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Flamenco is . . . (some suggestions for listening)

The first time I was lucky enough to go to a peña flamenca (most simply, a flamenco club or organization for the support, enjoyment and promotion of flamenco, but their history in Andalusia is incredibly important to the development and preservation of the art . . . that's a whole post for another time), I heard the host that evening talk about the elements of flamenco: el cante, el baile y el toque . . . the singing, the dancing and the guitar playing. This is the basic trinity of flamenco, the three elements that are necessary for its full expression.

While each of these has found remarkable virtuosic expression in their own right, it is the balance of them that makes the magic happen. But, it can be argued that the first among them is the cante. The song sets the tone, the context, establishes the meaning that the three elements will explore and express together. And cante can stand alone in a special way, with a singer being able to share, unaccompanied and unadorned, according to his or her feelings in the moment.

Flamenco starts with el cante.

So, it's important, as you begin to study flamenco, regardless of your personal discipline, to begin to listen to cante in all of its expressions. Wikipedia says, of cante flamenco:

. . . part of musical tradition in the Andalusian region of Spain. Its origins are uncertain but scholars see many influences in the cante flamenco including: The traditional song of the gitanos (Spanish Gypsies), the Perso-Arab Zyriab song form, the Classical Andalusian Orchestras of the Islamic Empire, the Jewish Synagogue Chants, Mozarabic forms such as Zarchyas and Zambra, Arabic zayal (the foundation for the Fandango), Andalusian regional folk forms, as well as West African and South American influences as seen in the cantes de ida y vuelta.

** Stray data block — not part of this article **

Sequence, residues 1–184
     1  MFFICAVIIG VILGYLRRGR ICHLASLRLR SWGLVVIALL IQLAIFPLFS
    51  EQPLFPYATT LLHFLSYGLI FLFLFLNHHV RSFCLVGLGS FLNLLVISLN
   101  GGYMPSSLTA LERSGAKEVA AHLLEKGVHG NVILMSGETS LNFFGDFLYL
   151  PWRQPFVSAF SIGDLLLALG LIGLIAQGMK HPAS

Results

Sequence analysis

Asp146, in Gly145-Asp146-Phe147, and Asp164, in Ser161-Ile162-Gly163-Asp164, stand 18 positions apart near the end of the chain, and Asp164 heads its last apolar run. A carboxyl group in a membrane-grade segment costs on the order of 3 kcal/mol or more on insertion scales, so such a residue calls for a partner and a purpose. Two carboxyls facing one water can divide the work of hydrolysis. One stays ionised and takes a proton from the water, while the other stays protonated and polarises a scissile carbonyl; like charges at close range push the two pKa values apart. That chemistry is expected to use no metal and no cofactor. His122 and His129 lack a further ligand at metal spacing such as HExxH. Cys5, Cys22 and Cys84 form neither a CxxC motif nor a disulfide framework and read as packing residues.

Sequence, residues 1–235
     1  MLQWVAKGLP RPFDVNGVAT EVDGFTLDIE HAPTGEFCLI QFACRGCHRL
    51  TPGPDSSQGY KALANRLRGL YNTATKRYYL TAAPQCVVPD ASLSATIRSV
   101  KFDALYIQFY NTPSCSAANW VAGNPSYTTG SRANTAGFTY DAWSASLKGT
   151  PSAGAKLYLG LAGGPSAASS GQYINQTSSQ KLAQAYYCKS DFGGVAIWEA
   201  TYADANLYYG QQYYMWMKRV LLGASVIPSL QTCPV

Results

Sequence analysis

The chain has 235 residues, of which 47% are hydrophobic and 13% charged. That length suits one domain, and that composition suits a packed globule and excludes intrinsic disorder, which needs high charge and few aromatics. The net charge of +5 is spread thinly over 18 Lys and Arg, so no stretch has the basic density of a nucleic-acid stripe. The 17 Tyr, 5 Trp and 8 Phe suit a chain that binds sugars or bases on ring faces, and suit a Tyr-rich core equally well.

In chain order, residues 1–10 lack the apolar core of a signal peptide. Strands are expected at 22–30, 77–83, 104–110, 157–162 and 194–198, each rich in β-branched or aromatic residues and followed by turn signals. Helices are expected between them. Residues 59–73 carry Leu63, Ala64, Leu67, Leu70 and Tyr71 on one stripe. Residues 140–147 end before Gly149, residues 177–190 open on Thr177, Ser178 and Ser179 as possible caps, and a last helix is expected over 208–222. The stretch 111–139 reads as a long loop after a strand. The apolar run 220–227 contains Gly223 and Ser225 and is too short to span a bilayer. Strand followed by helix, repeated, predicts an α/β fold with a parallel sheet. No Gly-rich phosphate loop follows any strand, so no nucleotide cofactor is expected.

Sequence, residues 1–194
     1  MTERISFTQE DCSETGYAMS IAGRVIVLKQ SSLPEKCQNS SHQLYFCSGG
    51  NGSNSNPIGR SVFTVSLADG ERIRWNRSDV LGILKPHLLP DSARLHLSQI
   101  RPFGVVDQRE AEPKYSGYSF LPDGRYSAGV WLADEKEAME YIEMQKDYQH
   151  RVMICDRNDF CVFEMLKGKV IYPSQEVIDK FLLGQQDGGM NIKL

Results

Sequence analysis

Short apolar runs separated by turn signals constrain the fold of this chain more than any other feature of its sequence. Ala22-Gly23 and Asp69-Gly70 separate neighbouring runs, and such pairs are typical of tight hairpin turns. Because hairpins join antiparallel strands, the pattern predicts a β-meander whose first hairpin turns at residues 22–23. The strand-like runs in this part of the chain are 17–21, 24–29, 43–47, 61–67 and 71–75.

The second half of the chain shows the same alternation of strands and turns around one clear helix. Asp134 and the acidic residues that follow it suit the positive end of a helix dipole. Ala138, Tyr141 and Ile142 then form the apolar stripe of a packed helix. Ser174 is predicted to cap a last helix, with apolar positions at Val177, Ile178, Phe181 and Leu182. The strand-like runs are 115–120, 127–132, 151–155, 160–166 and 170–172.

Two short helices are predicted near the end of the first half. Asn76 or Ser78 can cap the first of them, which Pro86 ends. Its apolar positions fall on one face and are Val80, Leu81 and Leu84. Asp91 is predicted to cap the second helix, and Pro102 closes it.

You can see how, from so many points of origin, flamenco can create many styles and approaches. Where to begin? Well, all I can really do is offer some favorites, and try to hint at the variety through them (while also respecting the history and the important figures who have shaped flamenco as we know it). This list is not exhaustive, not chronological, and is just a little beginning, a taste . . .


El Chocolate


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